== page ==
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The Guardian - US
The Guardian - US
Jessica Glenza

Republican Josh Hawley’s anti-abortion arguments echoed in Alabama IVF case

a man in a suit looks ahead
Republican senator worked on legal team arguing the ‘Hobby Lobby’ case on contraception before the US supreme court. Photograph: Leah Millis/Reuters

Anti-abortion arguments made in the recent controversial Alabama supreme court decision, which led to the shut down of in vitro fertilization (IVF) in nearly half of the state’s clinics, echo those made by the Republican US senator Josh Hawley.

The Missouri lawmaker made similar arguments in 2013 and when he worked on the legal team arguing the “Hobby Lobby” case on contraception before the US supreme court.

Earlier this month, the Alabama supreme court ruled embryos, which are created in the IVF process, are “extrauterine children” in the eyes of the law. The decision thrust fertility treatments in the state into chaos, as clinics and attorneys said the practice of modern reproductive medicine in Alabama might no longer be legal.

The IVF process typically relies on the creation of multiple embryos, fertilized eggs of several hundred cells called blastocysts. Some of those embryos may be discarded during the IVF because of genetic testing, or may not survive the freeze-thaw process of cryogenic storage (used to create embryos for future IVF rounds).

The state supreme court’s decision cast into doubt whether multiple stages of the IVF process were legal, as it appeared doctors could be held liable for “wrongful death” if an embryo failed or was destroyed during routine treatment.

The decision has infuriated doctors across the country and led to confusion that has stopped IVF at three of the state’s eight fertility clinics. In 2021, the state’s two larger programs at the University of Alabama and Alabama Fertility Specialists together performed nearly 900 IVF cycles resulting in 273 pregnancies, according to data submitted to the Centers for Disease Control and Prevention (CDC).

Hawley took office in 2019, unseating the Democrat Claire McCaskill. He is known as a very conservative Christian lawmaker, who notably raised his fist in support of a pro-Trump mob during the January 6 insurrection.

Erin Hawley, the senator’s wife, has become a conservative legal force, and was on the team of attorneys who helped overturn Roe v Wade, the nearly 50-year-old precedent that once protected the right to terminate a pregnancy, and which paved the way for Alabama’s recent court decision.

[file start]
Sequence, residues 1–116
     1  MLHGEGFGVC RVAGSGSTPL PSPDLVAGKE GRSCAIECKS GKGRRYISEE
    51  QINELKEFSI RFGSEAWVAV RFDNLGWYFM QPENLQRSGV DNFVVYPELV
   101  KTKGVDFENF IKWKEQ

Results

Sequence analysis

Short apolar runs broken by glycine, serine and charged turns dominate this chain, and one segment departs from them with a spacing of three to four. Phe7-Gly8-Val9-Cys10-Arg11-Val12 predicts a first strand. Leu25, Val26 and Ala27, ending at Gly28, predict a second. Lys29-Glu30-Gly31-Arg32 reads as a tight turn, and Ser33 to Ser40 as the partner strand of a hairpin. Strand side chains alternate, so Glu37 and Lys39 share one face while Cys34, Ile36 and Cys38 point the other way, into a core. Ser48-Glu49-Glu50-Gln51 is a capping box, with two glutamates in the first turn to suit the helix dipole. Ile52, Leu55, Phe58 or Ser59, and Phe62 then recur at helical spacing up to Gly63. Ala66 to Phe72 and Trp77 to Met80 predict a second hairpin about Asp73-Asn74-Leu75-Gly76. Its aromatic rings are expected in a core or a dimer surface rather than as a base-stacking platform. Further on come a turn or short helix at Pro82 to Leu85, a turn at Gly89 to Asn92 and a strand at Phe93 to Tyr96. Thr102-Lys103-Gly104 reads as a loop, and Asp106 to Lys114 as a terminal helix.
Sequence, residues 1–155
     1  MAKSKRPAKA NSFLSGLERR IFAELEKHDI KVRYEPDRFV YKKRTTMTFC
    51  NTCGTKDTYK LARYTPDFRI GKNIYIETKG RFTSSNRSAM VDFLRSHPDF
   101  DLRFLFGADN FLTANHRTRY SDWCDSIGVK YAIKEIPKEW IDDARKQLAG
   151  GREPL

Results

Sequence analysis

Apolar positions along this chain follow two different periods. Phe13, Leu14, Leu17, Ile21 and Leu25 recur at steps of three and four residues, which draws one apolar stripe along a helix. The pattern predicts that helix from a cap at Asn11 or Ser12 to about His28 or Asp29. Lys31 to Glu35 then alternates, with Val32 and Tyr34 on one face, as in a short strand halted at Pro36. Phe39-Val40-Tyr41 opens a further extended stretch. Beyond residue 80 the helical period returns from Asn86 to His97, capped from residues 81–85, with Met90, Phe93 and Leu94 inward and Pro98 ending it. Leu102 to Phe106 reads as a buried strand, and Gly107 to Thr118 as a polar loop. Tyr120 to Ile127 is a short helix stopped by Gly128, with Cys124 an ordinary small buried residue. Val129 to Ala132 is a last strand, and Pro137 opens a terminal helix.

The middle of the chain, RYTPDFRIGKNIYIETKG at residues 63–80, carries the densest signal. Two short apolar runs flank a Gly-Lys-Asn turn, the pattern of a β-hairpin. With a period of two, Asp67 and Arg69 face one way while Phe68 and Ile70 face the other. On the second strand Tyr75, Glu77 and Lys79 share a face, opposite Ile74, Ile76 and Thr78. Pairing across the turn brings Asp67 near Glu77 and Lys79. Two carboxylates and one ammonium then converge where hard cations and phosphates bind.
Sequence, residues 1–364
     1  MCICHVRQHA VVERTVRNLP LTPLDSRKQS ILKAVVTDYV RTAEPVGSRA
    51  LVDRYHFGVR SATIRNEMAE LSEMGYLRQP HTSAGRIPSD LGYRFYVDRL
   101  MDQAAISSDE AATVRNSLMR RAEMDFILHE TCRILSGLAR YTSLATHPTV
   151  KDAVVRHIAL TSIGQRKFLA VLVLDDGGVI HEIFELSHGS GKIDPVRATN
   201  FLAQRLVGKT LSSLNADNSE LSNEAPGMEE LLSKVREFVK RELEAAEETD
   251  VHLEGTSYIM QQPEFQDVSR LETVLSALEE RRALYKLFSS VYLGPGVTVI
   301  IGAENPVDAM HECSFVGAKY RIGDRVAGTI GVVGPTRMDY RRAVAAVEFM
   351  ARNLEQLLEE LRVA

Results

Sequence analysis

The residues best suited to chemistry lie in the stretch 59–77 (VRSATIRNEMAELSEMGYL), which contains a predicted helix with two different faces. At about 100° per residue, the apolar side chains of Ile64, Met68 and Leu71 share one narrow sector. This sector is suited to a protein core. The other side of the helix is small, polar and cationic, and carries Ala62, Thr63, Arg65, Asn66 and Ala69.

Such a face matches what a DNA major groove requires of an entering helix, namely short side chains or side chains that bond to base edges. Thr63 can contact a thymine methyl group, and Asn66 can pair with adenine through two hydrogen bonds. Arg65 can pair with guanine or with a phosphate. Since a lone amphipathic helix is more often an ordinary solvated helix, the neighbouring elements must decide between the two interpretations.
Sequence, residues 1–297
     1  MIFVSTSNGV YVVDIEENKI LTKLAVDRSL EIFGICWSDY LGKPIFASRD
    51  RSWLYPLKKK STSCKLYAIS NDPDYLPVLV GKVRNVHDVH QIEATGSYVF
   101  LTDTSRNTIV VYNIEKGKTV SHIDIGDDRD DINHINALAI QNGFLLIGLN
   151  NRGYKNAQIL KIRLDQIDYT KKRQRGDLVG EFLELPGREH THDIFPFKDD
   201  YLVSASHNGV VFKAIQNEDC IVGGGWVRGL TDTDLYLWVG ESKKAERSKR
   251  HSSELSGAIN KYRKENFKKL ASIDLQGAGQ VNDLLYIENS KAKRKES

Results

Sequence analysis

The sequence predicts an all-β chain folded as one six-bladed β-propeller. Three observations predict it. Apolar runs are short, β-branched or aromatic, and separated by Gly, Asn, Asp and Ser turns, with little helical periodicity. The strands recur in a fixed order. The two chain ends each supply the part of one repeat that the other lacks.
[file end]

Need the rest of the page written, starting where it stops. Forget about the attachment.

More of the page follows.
In 2013, Hawley authored an opinion article in Missouri’s Springfield News-Leader that criticized a federal decision requiring employers to provide access to contraception through health insurance. In the article, Hawley said the morning-after pill, “may induce an abortion by preventing implantation of a fertilized egg”, in effect the same logic accepted by justices at the Alabama supreme court that led to shutdowns of IVF.

Doctors do not consider a person pregnant until both fertilization and implantation occur. For that reason, contraception is not considered “abortifacient”, because there is no pregnancy. In fact, the morning-after pill works “before release of an egg from the ovary”, according to the US Food and Drug Administration.

Separately, Hawley served as a member of the legal team that argued the Hobby Lobby case before the US supreme court from 2011 to 2015. In that case, Hawley and others on the team argued that private companies should not be required to cover birth control methods that were “more like abortifacients” because, they alleged, the contraception prevented an embryo from implanting in the uterus wall.

Religious-affiliated, anti-abortion attorneys are already attempting to use the Alabama supreme court’s decision to advance a similar argument in Florida. Liberty Counsel said in a statement that it used Alabama’s decision as a precedent to argue against a proposed ballot initiative in the state. The ballot initiative asks voters to protect abortion rights.

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